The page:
When it comes to rigging for catfish, there are many variables, but the following guide for setting up catfish rigs will help you to get it right no matter the time of year or conditions in which you will be fishing. Perhaps the first thing to consider when it comes to setting up catfishing rigs, is the size differential when it comes to catching cats.
Obviously, since catfish come in sizes from panfish sized to HUGE monster cats, the size you hope to catch will vary the types of gear you choose to use. Just try to match the size gear you use to the size fish you hope to target for best results.
For huge monster cats, heavy sea fishing rods may be your choice, but you might choose a heavy eight footer with 30 pound test line in some circumstances too, just as you might choose a more common spin rig with 10 to 15 pound line in other circumstances when you are fishing for catfish.
If you are pond fishing for some small table fare (particularly if you are teaching youngsters to fish) you might even want to target some really small cats in the two to nine pound size range. You can use really light gear for those and use six to ten pound test line.
The choice should depend on the fish you hope to catch. Likewise, the size bait you use should be relevant to the size fish you hope to target.
If you plan to fish in the heat of the summer, you might find wading in a stream or creek while you fish for catfish a cooler way to catch a fish. Using the lighter gear will also make it easy to be on the move with your pole and every thing you need in hand (or an easy access pocket) while the water keeps the endeavor a bit cooler. Use a light spin rod with a light eight pound test line.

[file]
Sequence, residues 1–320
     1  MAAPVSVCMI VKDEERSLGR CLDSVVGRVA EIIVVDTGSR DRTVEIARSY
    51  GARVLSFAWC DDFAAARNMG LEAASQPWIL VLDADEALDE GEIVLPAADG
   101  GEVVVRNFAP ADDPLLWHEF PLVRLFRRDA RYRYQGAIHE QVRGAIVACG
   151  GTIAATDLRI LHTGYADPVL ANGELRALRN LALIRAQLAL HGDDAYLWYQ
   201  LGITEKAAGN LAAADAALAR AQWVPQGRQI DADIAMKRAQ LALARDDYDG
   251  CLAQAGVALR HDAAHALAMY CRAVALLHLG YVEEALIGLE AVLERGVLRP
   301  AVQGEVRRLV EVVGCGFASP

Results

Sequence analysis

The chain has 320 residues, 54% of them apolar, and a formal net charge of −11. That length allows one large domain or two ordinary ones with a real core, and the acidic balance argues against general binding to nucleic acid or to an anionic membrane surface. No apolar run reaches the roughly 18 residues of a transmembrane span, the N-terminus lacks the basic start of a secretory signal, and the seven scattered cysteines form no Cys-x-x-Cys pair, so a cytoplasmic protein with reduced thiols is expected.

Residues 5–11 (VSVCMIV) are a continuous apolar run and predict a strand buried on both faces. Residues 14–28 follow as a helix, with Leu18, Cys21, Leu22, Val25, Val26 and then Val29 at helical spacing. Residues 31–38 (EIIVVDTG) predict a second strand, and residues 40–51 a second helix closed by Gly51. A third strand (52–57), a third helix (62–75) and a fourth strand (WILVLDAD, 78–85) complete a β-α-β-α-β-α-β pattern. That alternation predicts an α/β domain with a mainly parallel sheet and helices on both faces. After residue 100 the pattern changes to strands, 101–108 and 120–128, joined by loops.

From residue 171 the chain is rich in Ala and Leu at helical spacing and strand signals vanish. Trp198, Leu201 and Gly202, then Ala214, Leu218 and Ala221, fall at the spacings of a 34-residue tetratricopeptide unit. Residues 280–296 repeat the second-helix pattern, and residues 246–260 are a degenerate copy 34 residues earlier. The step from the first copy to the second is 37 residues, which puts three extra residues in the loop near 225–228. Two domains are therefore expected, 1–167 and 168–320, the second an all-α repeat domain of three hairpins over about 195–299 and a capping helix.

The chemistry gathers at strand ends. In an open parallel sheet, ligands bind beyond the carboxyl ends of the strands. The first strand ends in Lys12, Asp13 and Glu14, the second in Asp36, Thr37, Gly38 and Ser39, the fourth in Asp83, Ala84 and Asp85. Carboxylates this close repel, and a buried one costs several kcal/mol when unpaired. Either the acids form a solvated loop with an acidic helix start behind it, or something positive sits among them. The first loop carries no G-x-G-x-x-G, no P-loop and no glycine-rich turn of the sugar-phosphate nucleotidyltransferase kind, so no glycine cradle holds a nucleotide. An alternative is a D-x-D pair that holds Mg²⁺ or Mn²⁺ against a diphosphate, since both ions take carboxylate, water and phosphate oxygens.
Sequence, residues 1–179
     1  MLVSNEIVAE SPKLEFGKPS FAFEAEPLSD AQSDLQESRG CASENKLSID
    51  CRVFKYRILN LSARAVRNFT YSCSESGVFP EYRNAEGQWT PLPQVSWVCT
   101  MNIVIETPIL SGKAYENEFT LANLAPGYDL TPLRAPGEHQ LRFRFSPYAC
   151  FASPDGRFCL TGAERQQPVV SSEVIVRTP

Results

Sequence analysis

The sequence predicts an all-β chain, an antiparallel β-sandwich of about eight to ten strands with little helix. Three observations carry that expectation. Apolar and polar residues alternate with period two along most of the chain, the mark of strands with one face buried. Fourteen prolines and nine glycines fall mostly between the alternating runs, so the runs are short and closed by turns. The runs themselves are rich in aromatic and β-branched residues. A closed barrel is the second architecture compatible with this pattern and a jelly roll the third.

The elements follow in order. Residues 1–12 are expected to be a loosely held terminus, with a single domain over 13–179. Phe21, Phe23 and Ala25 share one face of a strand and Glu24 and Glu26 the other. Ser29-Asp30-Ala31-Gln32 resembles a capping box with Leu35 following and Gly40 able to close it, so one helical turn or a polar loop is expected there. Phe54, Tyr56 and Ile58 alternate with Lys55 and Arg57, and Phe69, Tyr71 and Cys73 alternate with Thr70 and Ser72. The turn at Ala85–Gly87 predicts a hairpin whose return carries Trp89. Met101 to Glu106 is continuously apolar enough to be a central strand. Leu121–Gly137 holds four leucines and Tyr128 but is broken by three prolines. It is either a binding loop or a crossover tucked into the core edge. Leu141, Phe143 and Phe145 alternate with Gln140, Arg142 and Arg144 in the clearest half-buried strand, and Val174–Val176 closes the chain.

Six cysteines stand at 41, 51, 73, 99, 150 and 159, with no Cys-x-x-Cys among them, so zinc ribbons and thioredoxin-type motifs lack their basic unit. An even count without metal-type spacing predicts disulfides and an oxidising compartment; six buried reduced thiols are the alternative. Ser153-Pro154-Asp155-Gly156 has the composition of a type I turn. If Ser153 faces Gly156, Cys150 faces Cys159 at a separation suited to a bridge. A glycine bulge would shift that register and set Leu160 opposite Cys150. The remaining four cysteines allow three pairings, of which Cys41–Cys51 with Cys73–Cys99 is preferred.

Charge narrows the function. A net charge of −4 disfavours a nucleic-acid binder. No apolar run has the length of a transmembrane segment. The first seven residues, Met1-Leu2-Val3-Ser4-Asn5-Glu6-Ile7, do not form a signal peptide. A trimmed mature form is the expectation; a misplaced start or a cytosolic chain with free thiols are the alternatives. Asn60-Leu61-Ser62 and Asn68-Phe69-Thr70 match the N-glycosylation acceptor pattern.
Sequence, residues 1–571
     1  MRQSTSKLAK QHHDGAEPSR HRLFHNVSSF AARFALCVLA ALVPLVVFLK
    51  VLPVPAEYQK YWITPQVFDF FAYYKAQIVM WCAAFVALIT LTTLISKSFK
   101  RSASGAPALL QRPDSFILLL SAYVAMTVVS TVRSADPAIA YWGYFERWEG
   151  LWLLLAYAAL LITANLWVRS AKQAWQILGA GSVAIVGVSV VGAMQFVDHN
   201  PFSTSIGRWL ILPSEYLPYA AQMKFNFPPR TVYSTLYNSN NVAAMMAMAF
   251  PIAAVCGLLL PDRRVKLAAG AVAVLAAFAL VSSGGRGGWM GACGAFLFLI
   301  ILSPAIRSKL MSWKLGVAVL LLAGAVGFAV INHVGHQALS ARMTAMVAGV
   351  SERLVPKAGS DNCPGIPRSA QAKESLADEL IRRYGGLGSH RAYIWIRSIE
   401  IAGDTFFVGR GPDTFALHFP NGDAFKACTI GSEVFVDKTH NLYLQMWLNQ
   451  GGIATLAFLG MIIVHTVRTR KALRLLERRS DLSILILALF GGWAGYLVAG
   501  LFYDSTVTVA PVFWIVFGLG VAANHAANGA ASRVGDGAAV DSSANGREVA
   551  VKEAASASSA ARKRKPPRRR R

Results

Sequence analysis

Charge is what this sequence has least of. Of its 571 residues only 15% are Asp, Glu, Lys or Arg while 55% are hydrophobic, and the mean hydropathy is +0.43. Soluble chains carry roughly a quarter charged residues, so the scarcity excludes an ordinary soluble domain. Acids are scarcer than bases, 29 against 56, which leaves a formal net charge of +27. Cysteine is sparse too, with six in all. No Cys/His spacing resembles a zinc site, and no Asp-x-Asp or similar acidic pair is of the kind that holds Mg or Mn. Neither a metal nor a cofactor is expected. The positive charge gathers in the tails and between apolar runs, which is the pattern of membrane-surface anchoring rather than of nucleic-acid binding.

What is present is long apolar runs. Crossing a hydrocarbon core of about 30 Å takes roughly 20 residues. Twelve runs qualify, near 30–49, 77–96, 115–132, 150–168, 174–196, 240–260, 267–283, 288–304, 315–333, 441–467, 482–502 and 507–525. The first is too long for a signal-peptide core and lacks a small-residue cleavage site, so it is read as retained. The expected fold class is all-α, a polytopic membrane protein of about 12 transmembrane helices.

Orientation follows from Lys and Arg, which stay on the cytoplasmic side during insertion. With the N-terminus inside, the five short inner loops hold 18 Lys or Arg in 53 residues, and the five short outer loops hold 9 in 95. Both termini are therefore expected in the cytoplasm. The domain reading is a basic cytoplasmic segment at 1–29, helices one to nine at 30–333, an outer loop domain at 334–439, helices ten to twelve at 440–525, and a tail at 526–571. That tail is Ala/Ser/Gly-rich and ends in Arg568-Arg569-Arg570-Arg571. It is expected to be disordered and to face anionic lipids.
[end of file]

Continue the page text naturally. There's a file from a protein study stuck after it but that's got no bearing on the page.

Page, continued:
Carry a small case with # 1-4 hooks, split shot, and a bobber or two. If you are fishing bottom cover in slower moving waters, you might want to use a float to keep the bait off the bottom so you won’t get hung up as often.
Another rig that works well is using a little sinker in about a half ounce range. Use a snelled hook about a foot above your sinker. You might also try a dropper with a hook tied on it. Use tiny minnows or worms, crickets, small shrimp, or small pieces of chicken liver for fish in this size range.
If you are fishing lakes, large impoundments, rivers, or smaller reservoirs, and hope to catch fish in the four to fifteen pound size range, move up to a medium weight class of tackle.
All the baits you can use on the lighter tackle previously mentioned will work on the medium sized rigs, but you can also add in good punch bait as another alternative. Use split shot, a bullet sinker that is about a foot and a half up on your line. Either peg it or crimp it to keep it from sliding around on your line. You can also use a Dipsey sinker as well.
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